Seriously. There are plenty of pictures of detergent-bottle lamps demonstrating the various methods available to you for construction. Some simply require you to thoroughly wash your bottle, which includes removing the label, and then attaching to a lamp fitting. Others are much more elaborate. The lamps are unique, and if done right can look like art with a high dollar value.

5. Toddler Tool Box
I saw this one at a friend’s house, and he sent me the link to the original toddler tool box creator. If you have one of those huge detergent bottles and also have young kids, don’t throw it away. Follow these instructions to create a fun (and free) toolbox that your young one can carry all of his or her valuables, cars, dolls, or anything else in. And the grown-ups can use it too.

6. Watering Can
Hot on the heels of the ice melt shaker, you can also use your old detergent bottles as watering cans. The small ones are great for the younger kids, and the big ones work almost as well as the pricey ones from the hardware stores. Just wash your bottle thoroughly, then poke many small holes (a metal skewer is good for this) in the lid. Fill with water, tighten the lid, and you have a great watering can for nothing.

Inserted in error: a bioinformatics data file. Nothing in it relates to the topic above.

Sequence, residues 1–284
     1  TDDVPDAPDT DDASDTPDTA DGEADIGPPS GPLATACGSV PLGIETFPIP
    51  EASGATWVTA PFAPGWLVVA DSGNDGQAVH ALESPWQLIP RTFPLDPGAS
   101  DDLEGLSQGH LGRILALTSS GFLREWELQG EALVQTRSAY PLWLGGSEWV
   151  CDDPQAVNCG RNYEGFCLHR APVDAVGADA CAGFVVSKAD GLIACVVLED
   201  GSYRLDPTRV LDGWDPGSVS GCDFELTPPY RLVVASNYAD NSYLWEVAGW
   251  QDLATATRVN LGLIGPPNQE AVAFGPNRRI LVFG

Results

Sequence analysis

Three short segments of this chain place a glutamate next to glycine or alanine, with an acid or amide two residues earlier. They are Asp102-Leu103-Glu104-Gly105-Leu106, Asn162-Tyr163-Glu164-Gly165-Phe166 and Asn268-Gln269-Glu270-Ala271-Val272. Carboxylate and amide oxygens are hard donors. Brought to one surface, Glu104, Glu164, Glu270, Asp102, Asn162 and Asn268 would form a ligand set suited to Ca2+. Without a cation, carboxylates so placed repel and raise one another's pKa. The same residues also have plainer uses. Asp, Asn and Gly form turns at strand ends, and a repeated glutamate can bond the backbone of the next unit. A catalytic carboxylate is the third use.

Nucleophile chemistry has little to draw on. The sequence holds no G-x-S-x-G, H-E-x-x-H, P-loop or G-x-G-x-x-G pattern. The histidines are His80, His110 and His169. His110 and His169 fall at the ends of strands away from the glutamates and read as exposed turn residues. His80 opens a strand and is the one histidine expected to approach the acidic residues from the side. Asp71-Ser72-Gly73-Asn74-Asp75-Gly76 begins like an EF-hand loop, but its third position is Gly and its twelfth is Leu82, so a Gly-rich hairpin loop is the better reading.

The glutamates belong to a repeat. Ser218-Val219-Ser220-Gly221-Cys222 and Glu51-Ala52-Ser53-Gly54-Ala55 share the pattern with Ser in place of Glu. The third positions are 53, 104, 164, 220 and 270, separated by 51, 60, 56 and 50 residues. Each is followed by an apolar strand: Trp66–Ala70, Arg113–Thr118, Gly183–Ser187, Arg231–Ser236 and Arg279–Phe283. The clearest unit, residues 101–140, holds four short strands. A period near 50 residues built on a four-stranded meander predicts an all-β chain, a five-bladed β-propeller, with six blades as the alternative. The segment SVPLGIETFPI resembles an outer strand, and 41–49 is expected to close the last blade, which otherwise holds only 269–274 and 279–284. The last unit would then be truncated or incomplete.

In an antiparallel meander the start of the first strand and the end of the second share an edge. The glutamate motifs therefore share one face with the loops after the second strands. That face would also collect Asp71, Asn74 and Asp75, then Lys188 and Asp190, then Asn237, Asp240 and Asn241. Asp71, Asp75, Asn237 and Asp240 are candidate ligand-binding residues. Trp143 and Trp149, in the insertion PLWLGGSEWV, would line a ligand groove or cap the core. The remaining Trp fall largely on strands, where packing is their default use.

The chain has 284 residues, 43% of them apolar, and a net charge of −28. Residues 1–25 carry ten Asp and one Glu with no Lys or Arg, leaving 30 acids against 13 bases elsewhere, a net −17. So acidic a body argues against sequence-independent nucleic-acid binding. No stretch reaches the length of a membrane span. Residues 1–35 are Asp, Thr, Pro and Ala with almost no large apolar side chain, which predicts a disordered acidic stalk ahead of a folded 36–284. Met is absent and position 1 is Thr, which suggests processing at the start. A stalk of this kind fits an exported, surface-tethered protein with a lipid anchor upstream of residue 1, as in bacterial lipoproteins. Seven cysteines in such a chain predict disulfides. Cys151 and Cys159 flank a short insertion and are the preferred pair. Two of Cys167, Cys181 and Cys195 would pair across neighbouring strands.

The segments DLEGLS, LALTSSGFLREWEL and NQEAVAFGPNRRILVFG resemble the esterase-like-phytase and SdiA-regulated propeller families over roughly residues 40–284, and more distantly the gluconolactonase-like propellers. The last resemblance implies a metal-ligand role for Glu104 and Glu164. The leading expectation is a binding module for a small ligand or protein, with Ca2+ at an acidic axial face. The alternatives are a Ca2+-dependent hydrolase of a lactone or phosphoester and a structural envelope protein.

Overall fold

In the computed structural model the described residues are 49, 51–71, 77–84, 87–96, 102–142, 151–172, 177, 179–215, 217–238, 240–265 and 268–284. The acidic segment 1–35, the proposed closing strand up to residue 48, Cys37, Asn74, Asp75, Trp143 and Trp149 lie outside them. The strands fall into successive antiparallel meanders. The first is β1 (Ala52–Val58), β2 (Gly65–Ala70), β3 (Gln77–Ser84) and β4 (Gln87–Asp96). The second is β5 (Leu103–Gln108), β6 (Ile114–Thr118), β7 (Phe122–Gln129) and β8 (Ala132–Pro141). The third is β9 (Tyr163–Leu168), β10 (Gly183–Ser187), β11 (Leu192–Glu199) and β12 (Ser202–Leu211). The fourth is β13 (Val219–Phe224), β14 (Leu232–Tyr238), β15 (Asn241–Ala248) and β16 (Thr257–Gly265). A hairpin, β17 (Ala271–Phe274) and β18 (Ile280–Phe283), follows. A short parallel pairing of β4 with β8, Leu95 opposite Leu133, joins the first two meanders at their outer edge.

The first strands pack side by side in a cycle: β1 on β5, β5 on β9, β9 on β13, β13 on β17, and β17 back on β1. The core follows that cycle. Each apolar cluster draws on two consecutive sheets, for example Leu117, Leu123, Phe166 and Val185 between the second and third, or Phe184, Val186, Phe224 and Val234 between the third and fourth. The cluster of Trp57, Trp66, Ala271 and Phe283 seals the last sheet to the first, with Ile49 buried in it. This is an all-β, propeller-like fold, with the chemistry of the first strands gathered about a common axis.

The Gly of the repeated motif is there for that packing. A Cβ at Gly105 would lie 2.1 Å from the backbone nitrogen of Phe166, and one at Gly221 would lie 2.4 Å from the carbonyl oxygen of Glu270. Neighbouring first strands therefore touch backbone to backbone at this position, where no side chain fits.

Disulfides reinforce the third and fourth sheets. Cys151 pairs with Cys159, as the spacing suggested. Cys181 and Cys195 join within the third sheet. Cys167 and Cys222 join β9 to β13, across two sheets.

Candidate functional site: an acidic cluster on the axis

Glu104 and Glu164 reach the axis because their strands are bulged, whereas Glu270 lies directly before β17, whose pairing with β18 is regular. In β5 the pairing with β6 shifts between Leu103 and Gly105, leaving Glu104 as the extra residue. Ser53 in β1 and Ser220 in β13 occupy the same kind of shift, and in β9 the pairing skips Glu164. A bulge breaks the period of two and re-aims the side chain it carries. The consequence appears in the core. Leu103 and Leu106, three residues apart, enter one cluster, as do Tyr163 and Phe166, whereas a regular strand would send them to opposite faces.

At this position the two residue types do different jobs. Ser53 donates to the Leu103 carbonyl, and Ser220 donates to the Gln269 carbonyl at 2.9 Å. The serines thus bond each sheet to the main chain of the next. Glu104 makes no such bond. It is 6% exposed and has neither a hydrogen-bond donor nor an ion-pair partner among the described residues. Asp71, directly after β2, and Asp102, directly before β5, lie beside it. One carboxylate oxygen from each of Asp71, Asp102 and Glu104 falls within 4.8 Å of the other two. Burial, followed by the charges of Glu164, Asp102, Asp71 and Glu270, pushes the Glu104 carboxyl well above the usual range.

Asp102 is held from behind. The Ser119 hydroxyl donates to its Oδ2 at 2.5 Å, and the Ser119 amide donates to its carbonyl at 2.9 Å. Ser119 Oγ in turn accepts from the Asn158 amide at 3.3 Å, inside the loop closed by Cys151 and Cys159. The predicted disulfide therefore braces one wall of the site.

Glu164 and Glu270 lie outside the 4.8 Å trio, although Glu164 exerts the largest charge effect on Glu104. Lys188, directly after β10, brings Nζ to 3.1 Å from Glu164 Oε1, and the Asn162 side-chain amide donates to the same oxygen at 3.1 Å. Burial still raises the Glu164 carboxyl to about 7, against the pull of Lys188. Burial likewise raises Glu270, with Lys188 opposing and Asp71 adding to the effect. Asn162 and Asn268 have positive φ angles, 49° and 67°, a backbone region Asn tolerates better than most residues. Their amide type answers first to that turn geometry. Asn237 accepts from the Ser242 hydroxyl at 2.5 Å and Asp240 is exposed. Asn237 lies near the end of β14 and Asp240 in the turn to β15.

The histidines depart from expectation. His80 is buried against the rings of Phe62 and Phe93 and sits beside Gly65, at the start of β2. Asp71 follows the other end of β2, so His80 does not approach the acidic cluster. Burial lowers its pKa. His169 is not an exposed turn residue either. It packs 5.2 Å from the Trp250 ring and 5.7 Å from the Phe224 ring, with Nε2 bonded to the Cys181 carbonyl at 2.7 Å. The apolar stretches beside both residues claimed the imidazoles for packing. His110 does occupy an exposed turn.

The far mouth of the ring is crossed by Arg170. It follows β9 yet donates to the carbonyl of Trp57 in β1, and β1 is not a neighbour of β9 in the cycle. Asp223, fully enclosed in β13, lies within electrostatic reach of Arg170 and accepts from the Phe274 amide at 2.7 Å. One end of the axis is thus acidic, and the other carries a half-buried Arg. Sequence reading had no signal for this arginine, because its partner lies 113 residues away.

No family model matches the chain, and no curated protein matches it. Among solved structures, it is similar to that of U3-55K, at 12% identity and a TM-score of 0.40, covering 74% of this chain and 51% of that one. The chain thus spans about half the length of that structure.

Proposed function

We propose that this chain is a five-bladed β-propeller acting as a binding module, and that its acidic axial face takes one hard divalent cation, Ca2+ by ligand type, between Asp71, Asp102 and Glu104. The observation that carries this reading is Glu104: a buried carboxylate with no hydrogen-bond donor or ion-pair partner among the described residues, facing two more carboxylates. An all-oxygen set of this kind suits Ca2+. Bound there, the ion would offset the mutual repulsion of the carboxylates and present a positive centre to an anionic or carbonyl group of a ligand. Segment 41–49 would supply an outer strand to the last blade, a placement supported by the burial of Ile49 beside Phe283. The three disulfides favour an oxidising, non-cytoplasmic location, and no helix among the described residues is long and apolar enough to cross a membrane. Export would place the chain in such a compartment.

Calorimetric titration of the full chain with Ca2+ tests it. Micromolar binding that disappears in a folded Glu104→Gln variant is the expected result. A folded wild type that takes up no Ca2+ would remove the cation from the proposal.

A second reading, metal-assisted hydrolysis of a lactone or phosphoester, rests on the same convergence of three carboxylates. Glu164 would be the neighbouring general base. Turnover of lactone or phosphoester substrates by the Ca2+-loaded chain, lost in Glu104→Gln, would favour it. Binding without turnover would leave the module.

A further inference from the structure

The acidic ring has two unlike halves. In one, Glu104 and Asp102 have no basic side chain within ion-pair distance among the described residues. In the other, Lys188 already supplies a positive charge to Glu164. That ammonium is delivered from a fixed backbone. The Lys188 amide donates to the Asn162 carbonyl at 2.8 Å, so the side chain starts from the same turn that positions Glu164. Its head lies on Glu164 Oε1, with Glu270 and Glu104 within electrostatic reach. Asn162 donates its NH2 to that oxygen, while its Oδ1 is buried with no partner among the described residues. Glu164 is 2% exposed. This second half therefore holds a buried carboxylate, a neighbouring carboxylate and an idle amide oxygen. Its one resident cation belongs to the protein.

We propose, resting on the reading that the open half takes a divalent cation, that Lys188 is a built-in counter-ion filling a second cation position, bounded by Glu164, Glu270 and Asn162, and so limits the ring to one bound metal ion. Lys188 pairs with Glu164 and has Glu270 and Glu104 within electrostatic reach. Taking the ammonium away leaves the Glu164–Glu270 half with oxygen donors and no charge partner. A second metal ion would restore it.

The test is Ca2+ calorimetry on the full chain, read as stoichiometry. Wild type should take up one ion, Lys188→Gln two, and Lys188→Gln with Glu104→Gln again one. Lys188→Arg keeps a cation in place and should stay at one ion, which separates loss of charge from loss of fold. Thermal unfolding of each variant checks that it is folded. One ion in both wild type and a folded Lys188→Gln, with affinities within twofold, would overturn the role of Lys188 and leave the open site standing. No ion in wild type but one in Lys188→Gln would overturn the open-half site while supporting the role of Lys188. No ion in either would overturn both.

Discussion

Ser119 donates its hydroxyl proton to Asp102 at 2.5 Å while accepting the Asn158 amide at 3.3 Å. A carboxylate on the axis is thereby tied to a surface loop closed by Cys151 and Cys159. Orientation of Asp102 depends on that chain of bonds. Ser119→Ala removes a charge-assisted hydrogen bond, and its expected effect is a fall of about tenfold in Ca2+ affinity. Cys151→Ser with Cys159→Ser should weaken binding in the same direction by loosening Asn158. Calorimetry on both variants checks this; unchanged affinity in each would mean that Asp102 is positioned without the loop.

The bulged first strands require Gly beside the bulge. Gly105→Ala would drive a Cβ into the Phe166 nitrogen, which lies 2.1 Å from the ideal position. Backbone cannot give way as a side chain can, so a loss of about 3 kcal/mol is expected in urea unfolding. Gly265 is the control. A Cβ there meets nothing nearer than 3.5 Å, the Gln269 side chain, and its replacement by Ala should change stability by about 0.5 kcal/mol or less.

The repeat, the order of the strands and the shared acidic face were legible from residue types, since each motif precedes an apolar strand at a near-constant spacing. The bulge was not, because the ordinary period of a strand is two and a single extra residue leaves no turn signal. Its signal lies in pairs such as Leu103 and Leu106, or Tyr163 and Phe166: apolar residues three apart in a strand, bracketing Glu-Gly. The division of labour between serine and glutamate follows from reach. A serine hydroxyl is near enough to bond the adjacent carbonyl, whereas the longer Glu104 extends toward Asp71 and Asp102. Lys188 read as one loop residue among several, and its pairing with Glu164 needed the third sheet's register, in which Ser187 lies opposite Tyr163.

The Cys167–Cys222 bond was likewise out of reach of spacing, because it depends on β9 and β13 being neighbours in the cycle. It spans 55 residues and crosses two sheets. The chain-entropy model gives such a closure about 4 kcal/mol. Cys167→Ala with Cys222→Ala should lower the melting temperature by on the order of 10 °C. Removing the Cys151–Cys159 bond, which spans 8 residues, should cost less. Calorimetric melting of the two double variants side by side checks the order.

7. A Handy Scoop or Funnel
Don’t pay for a scoop again. Just cut your clean detergent bottle diagonally across the middle, and you have a sturdy scoop that can be used for all sorts of things. Make one for the cat litter, one for fertilizer, and even use one of the larger ones as a dustpan. You can also use a straight cut across the middle to create a funnel, which can be handy for pouring paint into smaller containers.

8. Free Weights
Literally. The first set of weights I ever bought were light as a feather. When you took them home, you would fill them with sand and they became heavy enough to use in a workout. The same principle applies here. Fill your different sized detergent bottles with sand and you will have weights of varying sizes, which can be used like a kettle bell for strength training.

9. Paint Storage
Paint cans are annoying. They have to be hammered shut, opened with a special tool or screwdriver, and the paint always drips down them. If you don’t get the lid on tight enough, you will be greeted with a can of thick or dried out paint when you next use it. Even a small amount of water loss from the can change the color and consistency. So, when you’ve got paint left in a can from a decorating job, pour it into a detergent bottle and screw the lid on tight. When you next come to decorate, you’ll have fresh, easily pourable paint with no drips. Make sure you put a little of the paint on the outside of the bottle to recognize it on the shelf.